Hundreds of Lower Manhattan residents and members from the 318 Restaurant Workers Union gathered on 183 Centre St. outside of Eastbank on Tuesday to rally against the closure of beloved restaurant Jing Fong.
The protesters requested that Eastbank landlord Alex Chu and his son, Jonathan Chu, negotiate with Jing Fong’s owners to save the restaurant from eviction amid the COVID-19 pandemic, according to amNY.
— Dean_Moses (@Dean_Moses) March 2, 2021
“We are here today because we have had enough! We are told by society that it’s inevitable that the restaurants and small businesses will close due to COVID, but is it really inevitable?” Yolanda Zhang, a speaker from Youth Displacement, said during the protest.
“Is it really inevitable for small businesses to be displaced by big landlords like Alex Chu in the midst of this pandemic? Is it really inevitable to force workers to lose their jobs? Today we are here with 318 Restaurant Workers Union members, working for Jing Fong restaurant for years. We want full control of our jobs, of our livelihoods—of our community!”
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Jing Fong had to close its doors temporarily last year due to the mandate released by Governor Andrew Cuomo which banned gatherings of large groups of people. The restaurant officially announced last month that it would be permanently closing its indoor dining area on March 7.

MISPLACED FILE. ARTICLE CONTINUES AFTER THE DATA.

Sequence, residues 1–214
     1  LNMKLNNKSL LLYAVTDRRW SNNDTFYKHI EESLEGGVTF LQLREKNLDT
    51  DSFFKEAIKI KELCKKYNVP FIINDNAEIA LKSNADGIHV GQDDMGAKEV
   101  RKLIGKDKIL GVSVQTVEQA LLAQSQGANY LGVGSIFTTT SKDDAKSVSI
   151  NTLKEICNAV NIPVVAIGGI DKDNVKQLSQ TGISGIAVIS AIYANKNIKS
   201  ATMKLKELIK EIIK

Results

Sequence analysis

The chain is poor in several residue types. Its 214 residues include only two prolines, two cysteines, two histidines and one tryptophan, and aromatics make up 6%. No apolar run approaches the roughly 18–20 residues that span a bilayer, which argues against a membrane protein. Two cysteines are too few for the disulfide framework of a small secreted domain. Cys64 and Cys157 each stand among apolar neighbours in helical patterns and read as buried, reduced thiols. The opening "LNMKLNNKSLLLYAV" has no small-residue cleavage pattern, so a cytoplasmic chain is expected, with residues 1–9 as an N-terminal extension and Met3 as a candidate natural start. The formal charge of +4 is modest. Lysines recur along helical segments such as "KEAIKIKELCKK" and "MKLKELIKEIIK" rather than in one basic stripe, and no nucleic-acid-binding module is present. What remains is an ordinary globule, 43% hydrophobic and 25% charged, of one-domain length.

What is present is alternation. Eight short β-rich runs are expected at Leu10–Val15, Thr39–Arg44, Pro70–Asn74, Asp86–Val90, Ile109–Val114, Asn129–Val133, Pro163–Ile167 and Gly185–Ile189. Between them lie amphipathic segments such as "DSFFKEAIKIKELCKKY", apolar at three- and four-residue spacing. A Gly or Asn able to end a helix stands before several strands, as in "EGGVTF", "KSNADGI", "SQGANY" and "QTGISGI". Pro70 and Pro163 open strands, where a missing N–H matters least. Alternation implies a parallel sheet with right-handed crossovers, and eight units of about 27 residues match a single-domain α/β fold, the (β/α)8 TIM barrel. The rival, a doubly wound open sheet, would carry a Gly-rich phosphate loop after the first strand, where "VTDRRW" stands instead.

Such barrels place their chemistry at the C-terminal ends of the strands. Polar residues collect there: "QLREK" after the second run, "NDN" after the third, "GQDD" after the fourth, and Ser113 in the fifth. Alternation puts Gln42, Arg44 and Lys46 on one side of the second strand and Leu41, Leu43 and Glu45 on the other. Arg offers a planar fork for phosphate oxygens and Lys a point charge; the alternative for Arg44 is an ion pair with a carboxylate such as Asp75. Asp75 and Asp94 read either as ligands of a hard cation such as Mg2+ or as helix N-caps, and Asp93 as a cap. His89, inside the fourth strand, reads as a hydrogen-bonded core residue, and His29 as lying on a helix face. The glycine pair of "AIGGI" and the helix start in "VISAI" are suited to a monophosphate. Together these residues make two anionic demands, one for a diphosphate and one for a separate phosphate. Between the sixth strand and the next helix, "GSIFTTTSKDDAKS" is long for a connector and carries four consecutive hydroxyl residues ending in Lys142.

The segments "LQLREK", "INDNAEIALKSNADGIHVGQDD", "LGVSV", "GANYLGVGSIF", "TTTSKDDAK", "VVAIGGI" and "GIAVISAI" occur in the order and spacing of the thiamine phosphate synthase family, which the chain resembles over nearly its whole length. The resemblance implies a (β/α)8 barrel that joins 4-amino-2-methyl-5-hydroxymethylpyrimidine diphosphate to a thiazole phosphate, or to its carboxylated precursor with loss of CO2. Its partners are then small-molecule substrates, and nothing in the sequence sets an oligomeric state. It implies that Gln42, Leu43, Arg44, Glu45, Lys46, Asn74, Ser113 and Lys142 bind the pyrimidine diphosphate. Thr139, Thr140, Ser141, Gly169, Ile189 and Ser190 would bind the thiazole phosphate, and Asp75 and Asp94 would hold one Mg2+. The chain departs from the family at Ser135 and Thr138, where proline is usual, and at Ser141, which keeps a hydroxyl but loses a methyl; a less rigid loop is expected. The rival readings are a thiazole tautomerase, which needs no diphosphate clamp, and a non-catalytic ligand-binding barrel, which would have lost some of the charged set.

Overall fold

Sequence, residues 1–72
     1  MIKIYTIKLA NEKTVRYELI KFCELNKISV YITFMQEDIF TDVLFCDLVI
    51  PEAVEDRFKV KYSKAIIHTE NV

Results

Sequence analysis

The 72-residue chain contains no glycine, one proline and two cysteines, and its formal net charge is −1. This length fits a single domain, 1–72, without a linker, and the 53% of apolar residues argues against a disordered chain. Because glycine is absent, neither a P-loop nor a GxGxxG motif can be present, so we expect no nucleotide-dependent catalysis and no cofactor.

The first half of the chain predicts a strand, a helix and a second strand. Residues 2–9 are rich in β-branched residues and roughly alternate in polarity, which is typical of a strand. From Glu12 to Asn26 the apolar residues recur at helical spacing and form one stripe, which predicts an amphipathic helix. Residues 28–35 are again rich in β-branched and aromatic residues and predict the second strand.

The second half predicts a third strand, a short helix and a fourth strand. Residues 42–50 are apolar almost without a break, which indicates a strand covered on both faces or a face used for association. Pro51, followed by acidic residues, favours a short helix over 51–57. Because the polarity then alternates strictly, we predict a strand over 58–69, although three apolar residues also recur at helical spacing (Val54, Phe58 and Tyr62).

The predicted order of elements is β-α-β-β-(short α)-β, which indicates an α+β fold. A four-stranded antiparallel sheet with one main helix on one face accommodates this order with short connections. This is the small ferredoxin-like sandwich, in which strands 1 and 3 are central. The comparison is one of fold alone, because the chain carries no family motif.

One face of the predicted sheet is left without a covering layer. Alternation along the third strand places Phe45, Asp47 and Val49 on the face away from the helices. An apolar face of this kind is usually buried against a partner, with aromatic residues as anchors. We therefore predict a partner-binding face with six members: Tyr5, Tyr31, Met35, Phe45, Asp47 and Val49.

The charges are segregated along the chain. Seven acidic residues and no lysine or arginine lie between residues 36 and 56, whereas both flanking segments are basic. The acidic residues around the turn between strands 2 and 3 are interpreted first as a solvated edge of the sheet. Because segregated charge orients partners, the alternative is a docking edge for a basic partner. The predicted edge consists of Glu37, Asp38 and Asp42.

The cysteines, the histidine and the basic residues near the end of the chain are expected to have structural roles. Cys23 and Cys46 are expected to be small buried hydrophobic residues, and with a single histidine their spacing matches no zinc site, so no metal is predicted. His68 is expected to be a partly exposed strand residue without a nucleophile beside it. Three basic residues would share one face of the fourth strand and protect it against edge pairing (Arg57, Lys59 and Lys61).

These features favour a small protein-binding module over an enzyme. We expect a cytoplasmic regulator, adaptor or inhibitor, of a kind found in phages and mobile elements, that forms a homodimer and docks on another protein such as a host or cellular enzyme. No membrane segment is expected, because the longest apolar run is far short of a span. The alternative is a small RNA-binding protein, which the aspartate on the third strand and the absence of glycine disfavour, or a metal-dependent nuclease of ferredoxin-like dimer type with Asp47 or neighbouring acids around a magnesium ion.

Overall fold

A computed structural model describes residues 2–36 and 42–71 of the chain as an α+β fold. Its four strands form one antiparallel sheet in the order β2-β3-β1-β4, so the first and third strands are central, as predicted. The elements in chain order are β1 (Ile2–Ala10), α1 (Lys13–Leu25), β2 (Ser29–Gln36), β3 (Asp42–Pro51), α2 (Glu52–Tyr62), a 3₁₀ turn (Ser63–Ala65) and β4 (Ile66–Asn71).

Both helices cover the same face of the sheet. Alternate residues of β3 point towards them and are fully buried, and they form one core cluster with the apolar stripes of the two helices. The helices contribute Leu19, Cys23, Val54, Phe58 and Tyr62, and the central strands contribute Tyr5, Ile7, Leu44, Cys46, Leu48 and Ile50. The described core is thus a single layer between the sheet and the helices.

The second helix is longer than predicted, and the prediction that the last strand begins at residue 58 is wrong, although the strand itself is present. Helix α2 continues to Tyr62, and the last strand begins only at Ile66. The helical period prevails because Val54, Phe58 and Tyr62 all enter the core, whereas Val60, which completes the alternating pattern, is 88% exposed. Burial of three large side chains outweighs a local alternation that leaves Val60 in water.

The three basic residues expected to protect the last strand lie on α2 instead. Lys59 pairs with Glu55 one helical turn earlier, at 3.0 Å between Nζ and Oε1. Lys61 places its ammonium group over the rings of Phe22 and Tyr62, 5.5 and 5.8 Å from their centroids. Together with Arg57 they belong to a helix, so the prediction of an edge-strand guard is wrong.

At the protest, demonstrators called out politicians such as New York City Mayor Bill de Blasio for their lack of involvement in helping Jing Fong.
About 70 of Jing Fong’s 150 employees are members of the 318 Restaurant Workers Union, Hyperallergic reported.
The union claimed that the restaurant’s landlords did nothing to prevent Jing Fong’s business from plummeting. The landlords also reportedly rejected a request to waive rent.
Claudia Leo, a spokesperson for the restaurant, told Hyperallergic that China Arcade LLC offered Jing Fong some rent relief. She also explained that the restaurant’s closure occurred because of the decline in sales due to the pandemic.
“With 800 seats in the restaurant, it’s just impossible. Business has been down 85% — it’s not a typical 25% or 30%,” Leo said. “It’s hard for us to sustain ourselves, no matter how many deliveries we make. It’s becoming harder and harder for us to survive.”
Contrary to what the union claimed, Jonathan Chu said in a statement that the amount Jing Fong has to pay for its monthly rent has never changed since it first opened in 1993. He also claimed that the restaurant’s owners have not paid rent for 12 months.
“Nobody has tried harder to keep Jing Fong in this space than we have,” Chu said. “My family has been loyal patrons of Jing Fong for decades, standing shoulder to shoulder with employees on holidays and during important life events. We are saddened by this pandemic and the unemployment that has resulted from inadequate federal, state and local support for workers and small businesses.”
Feature Image via @Dean_Moses